Up the Sunny Carretera Austral

We have pretty much completed driving the Carretera Austral from South to North, a journey of more than 1000kms and it has to be one of the most beautiful drives in the world.  In many parts the pristine wilderness is stunning with valleys, glacier topped mountains, gushing rivers, crystal clear lakes and fjords.  The drive was made more spectacular as the week wore on the sun came out so we could enjoy the wonderful views.

In many parts the road is rough but some parts are tarred and shortly the whole length of it will be tarred. Most of this part of Chile has only really been populated for a hundred years but development is coming.  There is an increase in tourism and plans to dam some of the rivers.  If these plans go ahead it will forever change this wonderful place, and not for the better.  

As we left our camp by the mighty Rio Baker, Gilly and I both commented how much more "developed"this part of the road seemed to be compared to further south.  Mind you "developed" was very relative.  What had happened is that the gravel road had changed to almost double track from single and we did actually pass the odd car or house.  Mind you public transport was still scarce so during the week we gave a number of lifts to hitchhikers including a young women who lived in Prague.

We arrived in the small village of Rio Tranquilo which is set on a lake famous for its marble caves.  When the sun shines the glacier water sets off the caves wonderfully.  There was only a bit of sun when we arrived but we still decided to go and booked a trip for after lunch.  Over lunch the wind picked up so it was a pretty choppy ride out there.  Although we did not get to see the caves in all their glory in brilliant sunlight they still made for an impressive sight.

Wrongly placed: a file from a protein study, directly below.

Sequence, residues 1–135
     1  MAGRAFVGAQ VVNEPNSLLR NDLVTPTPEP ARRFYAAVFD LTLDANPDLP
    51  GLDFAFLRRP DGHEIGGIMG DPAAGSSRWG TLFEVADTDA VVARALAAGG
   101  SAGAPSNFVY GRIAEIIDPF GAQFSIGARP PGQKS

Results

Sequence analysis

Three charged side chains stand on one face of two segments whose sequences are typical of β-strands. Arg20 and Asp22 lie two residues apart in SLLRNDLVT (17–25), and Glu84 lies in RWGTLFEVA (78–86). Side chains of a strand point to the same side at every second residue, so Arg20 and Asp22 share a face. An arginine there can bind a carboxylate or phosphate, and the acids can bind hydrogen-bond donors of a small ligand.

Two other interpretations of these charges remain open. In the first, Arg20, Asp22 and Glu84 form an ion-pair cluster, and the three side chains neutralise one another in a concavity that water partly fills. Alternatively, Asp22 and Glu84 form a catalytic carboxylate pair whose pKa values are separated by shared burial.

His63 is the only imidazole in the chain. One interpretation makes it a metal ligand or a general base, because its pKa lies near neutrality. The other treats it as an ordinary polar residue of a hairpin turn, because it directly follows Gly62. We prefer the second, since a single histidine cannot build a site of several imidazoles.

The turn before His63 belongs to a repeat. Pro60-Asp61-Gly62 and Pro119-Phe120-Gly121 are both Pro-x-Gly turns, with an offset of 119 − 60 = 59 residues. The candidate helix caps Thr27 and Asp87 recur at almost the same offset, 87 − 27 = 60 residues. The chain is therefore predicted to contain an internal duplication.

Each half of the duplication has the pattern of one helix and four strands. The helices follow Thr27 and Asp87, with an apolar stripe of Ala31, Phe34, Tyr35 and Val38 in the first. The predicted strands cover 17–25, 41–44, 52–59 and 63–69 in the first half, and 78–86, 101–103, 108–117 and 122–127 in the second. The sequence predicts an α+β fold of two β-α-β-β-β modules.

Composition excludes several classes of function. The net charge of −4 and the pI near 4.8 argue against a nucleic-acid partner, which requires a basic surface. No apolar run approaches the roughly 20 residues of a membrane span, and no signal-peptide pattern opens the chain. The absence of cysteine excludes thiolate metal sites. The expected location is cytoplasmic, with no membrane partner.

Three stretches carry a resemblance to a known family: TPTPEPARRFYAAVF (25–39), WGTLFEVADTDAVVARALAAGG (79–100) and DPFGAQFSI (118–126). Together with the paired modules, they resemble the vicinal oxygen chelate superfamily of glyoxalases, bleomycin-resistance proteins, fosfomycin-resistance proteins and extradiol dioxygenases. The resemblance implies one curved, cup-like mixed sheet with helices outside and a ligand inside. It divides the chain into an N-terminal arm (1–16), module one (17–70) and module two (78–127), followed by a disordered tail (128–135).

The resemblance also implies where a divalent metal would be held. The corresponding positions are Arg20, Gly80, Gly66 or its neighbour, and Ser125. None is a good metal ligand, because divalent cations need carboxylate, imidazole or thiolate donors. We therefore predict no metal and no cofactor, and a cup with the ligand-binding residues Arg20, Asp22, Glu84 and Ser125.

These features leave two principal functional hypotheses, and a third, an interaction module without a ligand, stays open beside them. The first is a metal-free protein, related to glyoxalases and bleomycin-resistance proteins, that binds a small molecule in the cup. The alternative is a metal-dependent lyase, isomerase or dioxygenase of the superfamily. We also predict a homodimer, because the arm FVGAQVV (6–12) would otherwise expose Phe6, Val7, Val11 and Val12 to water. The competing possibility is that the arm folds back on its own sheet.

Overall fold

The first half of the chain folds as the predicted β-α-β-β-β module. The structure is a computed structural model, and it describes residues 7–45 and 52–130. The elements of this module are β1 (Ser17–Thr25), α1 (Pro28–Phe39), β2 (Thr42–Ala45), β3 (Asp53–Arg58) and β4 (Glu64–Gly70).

Continuing up the road the next highlight was the basalt spires near Cerro Castillo.  Unfortunately the weather still was not playing ball so we only got to see glimpses through the clouds.  On arriving in Cerro Castillo the road turned to tar.  The first tar we had seen for 1,000kms since before the Chilean border.  On a quick, inspection of the truck the gravel road had taken its toll.  The front disc brake cover had broken again but more importantly the front shock absorber had broken loose.  We decided to push on to the largest town on the road, Coihaique to see if we could get some repairs done.

As we approached Coihaique the scenery changed again.  The mountains became less imposing and instead the scenery opened to green hilly pasture with large fat healthy cows everywhere.  The town of Coihaique came as quite a shock after been out in the wilds.  It was a bustling metropolis of 50,000 people and had all the things we needed to continue our trip.  Following a recommendation from our friend John we found a good welder in town.  He quickly and inexpensively welded both the shock absorber and the disc brake cover and I refitted them back on the truck.  Let's hope they hold.

As we did most nights along this road we found somewhere to camp either by a river or by a lake.  Nearly always these came with spectacular views and were wonderfully tranquil.  The weather was also changing and the sky's were clearing so we could enjoy the views even more.